Faith and Religion

The Diocese to $3.75 million to victim of Fr. Michael Kelly

STOCKTON, CA — on the morning of April 20, 2012 Stockton County Superior Court Judge Bob McNatt, announced the settlement of the sexual abuse claims filed by Manly & Stewart’s client, who revealed himself after the settlement to be Travis Trotter.

“The Diocese agreed to pay the plaintiff and his attorneys $3.75 million, with $2 million of this amount being paid by the Diocese’s insurance carriers. In response, the plaintiff will dismiss his lawsuit and seek no further action against the Diocese or Fr. Kelly,” said Bishop Stephen E. Blaire.

This is one of the largest individual settlements in the history of the sexual abuse scandal and is a complete victory for the victim and his family.  The settlement was reached late April 19th closing the trial, and it was agreed by all parties that it would not be announced until the jurors were advised of the agreement in court the following day.

The victim’s legal team included attorneys Rebecca L. Rhoades, Vince W. Finaldi, and John C. Manly.  The victim won the first phase of trial when the 12 person jury determined unanimously that Fr. Kelly had sexually abused and raped the victim. The second phase of the trial had commenced approximately a week and a half ago.  Fr. Kelly had already returned to his native Ireland, citing poor health and still denying the charges.

Travis Trotter (John TZ Doe), plaintiff in the case stated, “First and foremost, I want to thank the jury and the alternates in this case who believed me.  I also want to thank Judge McNatt, the court staff and my legal team.  This 4 ½ years of litigation and 10-week trial has been the most difficult experience of my life, but I feel I have received justice today, not for me, but for that 10-year old boy who Fr. Kelly hurt so badly.”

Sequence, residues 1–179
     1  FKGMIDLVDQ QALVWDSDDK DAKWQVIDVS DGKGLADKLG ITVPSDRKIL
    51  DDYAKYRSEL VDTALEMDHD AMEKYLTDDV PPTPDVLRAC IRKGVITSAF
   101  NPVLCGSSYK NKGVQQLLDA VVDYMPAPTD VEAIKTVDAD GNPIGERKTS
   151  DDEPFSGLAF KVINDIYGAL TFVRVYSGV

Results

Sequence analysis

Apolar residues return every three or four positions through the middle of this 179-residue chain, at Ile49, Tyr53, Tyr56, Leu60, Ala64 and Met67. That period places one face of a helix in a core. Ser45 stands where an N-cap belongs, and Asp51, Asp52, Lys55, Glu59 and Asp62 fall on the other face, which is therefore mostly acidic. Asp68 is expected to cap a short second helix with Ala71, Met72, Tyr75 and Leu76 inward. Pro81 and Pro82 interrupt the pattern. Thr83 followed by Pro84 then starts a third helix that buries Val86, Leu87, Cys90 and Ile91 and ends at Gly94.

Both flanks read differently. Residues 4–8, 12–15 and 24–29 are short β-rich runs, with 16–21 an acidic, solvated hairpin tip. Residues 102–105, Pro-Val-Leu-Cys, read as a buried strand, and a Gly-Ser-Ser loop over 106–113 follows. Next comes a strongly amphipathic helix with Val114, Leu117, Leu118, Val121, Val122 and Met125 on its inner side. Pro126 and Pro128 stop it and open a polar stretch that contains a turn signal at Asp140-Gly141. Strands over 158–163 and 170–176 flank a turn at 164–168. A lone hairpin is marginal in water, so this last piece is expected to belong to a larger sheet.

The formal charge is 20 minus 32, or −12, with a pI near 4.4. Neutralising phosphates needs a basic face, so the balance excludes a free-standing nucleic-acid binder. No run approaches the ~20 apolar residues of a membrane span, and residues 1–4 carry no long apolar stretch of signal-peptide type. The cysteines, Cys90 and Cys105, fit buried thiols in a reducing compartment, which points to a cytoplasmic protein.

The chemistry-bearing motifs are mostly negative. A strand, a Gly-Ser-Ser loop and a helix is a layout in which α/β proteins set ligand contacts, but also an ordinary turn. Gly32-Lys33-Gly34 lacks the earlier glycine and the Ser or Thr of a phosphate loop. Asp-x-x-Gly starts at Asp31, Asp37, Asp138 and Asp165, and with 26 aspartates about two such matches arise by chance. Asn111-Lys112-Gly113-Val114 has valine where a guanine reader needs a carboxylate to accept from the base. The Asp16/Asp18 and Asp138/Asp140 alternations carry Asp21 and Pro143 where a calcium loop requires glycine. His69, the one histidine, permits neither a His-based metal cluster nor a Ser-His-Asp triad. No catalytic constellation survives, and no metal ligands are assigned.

“I have worked with many victims of sexual abuse,” admits Fr. Dean McFalls of St. Mary’s Church, located just three blocks from the court.  “The vast majority are exploited by members of their own families, or their extended families.  How do they find healing?  In these extended court battles, at times new victims are created.  I’m not sure ‘winning’ in court and receiving a huge financial settlement is the solution, since the money doesn’t just drop down from heaven.  And much of it goes to lawyers.  But certainly we all hope the victim and his family find healing by having the injustice recognized publicly and in receiving the settlement.  Our prayers are constantly with them.”

Written by Mayra Dennise Barrios-Rocha
Bilingual Weekly (209) 598-6525


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